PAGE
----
The city of London is divided into 25 wards. They are survivors of the mediaeval government system that allowed a very local area to exist as a self-governing unit within the wider city. They can be described as electoral/political divisions; ceremonial, geographic and administrative entities; sub-divisions of the City. Each ward has an Alderman, who traditionally held office for life but in the modern era put themselves up for re-election at least every six years. Wards continue to have Beadles, an ancient office which is now largely ceremonial: the main remaining function is the running of the Wardmote, an annual meeting in each ward of electors, representatives and officials. At the Wardmote the ward’s Alderman appoints at least one Deputy for the year ahead. Each ward also has a Ward Club, which is similar to a residents’ association found elsewhere in the United Kingdom.
The wards are ancient and their number has changed only three times since time immemorial: in 1394 Farringdon was divided into Farringdon Within and Farringdon Without; in 1550 the ward of Bridge (London Bridge) Without, south of the river (river Thames), was created, the ward of Bridge becoming Bridge Within; and the Bridge wards Within and Without were merged in 1978 as Bridge ward.
The city of London is widely referred to simply as the City (often written as just “City” and differentiated from the phrase “the city of London” by capitalising “City”) and is also colloquially known as the Square Mile, as it is 1.12 sq mi (2.90 km2) in area. Both of these terms are also often used as terms for the United Kingdom’s trading and financial services industries, which continue a notable history of being largely based in the City. The City (through Liverymen of the City) elects a Lord Mayor every year that represents the City throughout the world as her representative. The Lord Mayor (immortalized by Richard Wittington and his “cat”) should not be confused with the Mayor of London who is responsible for the administration of Greater London and her boroughs.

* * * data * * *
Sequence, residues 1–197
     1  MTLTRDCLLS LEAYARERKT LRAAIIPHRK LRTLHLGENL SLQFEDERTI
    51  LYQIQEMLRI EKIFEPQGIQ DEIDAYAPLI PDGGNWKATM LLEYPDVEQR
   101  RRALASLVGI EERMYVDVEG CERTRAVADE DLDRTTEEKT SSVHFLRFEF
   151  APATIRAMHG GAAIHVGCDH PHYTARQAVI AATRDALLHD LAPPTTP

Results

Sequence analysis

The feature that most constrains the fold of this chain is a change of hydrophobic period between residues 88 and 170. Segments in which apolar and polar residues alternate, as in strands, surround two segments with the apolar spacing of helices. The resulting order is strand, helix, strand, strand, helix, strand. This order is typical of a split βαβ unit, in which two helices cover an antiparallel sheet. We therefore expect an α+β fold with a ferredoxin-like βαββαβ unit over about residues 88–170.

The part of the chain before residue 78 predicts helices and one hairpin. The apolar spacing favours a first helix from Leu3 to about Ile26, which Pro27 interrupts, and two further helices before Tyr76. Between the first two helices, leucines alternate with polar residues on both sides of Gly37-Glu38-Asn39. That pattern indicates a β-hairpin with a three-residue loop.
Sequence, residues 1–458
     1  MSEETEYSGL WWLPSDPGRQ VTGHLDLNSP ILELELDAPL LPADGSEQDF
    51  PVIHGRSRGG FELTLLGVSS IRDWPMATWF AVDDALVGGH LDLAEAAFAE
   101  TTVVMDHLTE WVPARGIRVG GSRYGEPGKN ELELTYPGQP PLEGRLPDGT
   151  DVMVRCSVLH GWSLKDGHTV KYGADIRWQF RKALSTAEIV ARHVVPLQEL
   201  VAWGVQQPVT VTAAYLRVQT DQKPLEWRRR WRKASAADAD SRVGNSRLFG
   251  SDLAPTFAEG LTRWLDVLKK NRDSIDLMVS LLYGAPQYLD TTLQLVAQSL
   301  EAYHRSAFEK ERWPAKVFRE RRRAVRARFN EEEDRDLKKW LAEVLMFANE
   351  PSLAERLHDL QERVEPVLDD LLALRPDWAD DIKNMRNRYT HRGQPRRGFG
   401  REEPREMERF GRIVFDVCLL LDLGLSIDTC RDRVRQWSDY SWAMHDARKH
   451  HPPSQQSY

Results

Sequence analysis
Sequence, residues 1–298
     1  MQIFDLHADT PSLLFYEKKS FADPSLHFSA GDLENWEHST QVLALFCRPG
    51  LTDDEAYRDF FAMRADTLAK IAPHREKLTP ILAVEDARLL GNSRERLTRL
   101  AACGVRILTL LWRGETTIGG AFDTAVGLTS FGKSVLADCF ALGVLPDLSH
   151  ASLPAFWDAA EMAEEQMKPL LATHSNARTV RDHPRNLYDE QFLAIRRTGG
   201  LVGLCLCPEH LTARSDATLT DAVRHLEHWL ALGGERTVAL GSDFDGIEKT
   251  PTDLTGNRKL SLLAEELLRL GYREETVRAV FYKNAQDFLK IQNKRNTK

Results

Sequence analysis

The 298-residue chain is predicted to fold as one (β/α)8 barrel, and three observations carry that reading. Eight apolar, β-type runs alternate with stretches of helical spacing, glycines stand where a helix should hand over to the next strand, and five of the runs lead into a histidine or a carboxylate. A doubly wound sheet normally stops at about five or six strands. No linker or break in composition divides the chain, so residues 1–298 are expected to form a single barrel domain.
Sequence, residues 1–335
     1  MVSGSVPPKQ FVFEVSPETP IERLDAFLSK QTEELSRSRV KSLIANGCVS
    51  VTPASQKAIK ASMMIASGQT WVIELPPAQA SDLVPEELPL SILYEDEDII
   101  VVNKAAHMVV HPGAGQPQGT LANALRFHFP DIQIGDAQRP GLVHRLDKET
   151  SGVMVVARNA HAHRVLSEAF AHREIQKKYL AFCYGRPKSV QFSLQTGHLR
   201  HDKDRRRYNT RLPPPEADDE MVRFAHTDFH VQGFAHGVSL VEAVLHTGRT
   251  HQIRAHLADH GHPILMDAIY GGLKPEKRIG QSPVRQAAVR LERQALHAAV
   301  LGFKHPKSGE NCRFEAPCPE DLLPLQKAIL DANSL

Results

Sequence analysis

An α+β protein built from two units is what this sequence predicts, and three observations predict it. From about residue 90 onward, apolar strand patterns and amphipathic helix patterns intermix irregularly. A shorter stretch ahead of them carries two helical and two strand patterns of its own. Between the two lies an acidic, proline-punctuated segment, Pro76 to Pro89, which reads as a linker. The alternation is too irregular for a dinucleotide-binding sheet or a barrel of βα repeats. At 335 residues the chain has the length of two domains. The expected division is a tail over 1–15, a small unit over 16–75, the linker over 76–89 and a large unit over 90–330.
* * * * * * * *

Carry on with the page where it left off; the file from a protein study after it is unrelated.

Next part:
During the late 11th century, and possibly before 1066, there grew up trade associations known as “Guilds” which represented the various skills to be found within (and without) the City walls. The Guilds came into being to regulate skills, provide training apprenticeships and alms for those of their Guild who fell on hard times. Today the livery companies of the City of London comprise its ancient and modern trade associations and guilds, almost all of which are styled the “Worshipful Company of...” their respective craft, trade or profession. The exception to this being the Master Mariners who were granted the title “Honourable” by HM King George V for the noble, self sacrificing and honourable work Master Mariners gave to the United Kingdom during World War I. Latterly the Guild of Air Pilots have been granted the title “Honourable” by HM Queen Elizabeth II on presentation of their Charter in 2013. London’s medieval guilds developed into corporations responsible for training as well as regulating their respective trades, such as wage control, labour conditions and industry standards. Like most organisations during the Middle Ages, guilds or livery companies were obliged to forge close ties with the Church in Rome (at least prior to the Protestant Reformation) by endowing religious establishments such as chantry chapels and churches, by observing religious festivals with hosting ceremonies and their well-known mystery plays. Most livery companies retain their historical religious associations, although nowadays members are free to follow any faith or none.